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Cup preparations were demanding, Royal Montreal superintendent says

February 12, 2009  By  Mike Jiggens

Cup preparations were demanding, Royal Montreal superintendent says

Presidents Cup ALTHOUGH Royal Montreal Golf Club has served as the venue for two recent Canadian Opens, its role as host site for the 2007 Presidents Cup was significantly different and more demanding, superintendent Blake McMaster said.

Speaking Dec. 3 to more than 250 superintendents and their assistants in Waterloo at the 20th annual Ontario Seed Company/Nutrite professional turfgrass seminar, McMaster said the task involved in preparing for the tournament as well as returning the course to its normal state afterward were more demanding than when he served as host superintendent for the Canadian Open in both 1997 and 2001.

Presidents Cup
  Royal Montreal's irrigation system
  underwent upgrading in preparation for
  the 2007 Presidents Cup tournament.
"A big part of hosting an event like the Presidents Cup is having the space to accommodate it," he said. "There are so many great golf courses out there that could host these events, but you need that additional room to make it work, and that's why we were fortunate enough to host this event."

Royal Montreal, located on Ile Bizard, is a 45-hole facility spread over 880 acres. Its "elasticity" allowed its flagship Blue Course to be lengthened and strategically renovated to meet the demands of PGA Tour professionals as well as provide the necessary space for such infrastructure as bleachers for spectators, corporate areas and parking for 4,000 vehicles.

McMaster said the Blue Course had become "tired" around 2002, and the club wished to address how it could be revived.


"It was about the same time the PGA came to us with the idea of hosting the Presidents Cup."

Royal Montreal fit the bill as a ready-made golf course that could support such an event.


"They needed about 40 acres for the corporate areas. Our whole practice range became a corporate village. The television compound required 10 acres on its own for the trailers and equipment."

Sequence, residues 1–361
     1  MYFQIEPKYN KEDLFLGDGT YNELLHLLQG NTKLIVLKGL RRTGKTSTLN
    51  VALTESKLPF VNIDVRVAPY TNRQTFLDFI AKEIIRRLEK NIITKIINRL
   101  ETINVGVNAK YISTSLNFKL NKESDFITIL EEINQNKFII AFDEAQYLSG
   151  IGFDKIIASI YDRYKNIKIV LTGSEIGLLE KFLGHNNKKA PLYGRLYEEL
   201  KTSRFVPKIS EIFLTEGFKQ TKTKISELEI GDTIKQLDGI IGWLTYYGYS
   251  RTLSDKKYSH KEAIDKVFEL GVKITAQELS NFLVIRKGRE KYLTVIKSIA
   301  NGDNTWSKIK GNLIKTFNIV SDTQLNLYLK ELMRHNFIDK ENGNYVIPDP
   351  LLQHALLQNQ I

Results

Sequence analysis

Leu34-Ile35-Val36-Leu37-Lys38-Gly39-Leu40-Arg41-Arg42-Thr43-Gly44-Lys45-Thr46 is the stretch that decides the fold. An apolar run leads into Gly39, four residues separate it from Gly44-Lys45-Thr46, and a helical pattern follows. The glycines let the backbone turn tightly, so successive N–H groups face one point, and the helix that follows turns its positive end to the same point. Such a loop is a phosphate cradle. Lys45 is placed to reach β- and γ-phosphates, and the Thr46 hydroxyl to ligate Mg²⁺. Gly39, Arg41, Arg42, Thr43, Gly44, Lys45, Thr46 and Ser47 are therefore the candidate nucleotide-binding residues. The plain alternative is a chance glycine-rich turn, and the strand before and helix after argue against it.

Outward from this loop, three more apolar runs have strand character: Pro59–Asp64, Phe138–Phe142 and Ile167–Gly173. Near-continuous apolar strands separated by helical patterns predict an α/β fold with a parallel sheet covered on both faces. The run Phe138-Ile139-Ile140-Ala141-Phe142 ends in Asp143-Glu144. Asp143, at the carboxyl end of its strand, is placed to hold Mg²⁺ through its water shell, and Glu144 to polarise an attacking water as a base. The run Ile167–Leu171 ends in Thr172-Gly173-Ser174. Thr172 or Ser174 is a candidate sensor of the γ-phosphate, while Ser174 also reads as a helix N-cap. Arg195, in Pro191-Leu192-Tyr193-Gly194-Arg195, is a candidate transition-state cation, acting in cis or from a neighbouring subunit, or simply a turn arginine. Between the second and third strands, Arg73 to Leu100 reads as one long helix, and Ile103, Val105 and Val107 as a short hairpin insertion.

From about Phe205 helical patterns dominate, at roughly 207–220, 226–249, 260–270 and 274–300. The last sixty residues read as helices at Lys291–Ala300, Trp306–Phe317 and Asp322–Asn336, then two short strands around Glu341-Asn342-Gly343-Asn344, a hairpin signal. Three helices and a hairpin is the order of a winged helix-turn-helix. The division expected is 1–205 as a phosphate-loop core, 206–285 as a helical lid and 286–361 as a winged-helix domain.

Although plenty of space was available for the necessary infrastructure, the Blue Course itself needed work even after serving as the site of the Canadian Open a couple of years earlier.

"What we wanted to do was retain the original look of the (architect) Dick Wilson golf course and yet modernize it. Wilson had the vision to leave enough space-there's a lot of room between fairways and a lot of room to extend the golf course-and Rees (Jones) was able to extend a lot of holes that otherwise would have been much too short."

The renowned golf course architect was hired about a year prior to the Presidents Cup offer and was given the task of bringing the Blue Course in line with the changes in golf ball and club technology.

Jones' involvement enabled the Blue Course to stretch to almost 7,100 yards.

"Even though we have 45 holes and were doing nine holes at a time, the members didn't want to give up the golf course until mid-September which put us in a dilemma because if you know Montreal, you've got basically six or seven weeks to do nine holes."

With such a short time frame in which to work, sodding was the only option. A local sod farm was able to grow L-93 on a USGA mix for the project. Both the sod-laying and irrigation work were done in house.

In total, 36 greens were sodded. McMaster said he and his staff have learned plenty about sodding over the past 10 years, including the advantages of using smaller rolls.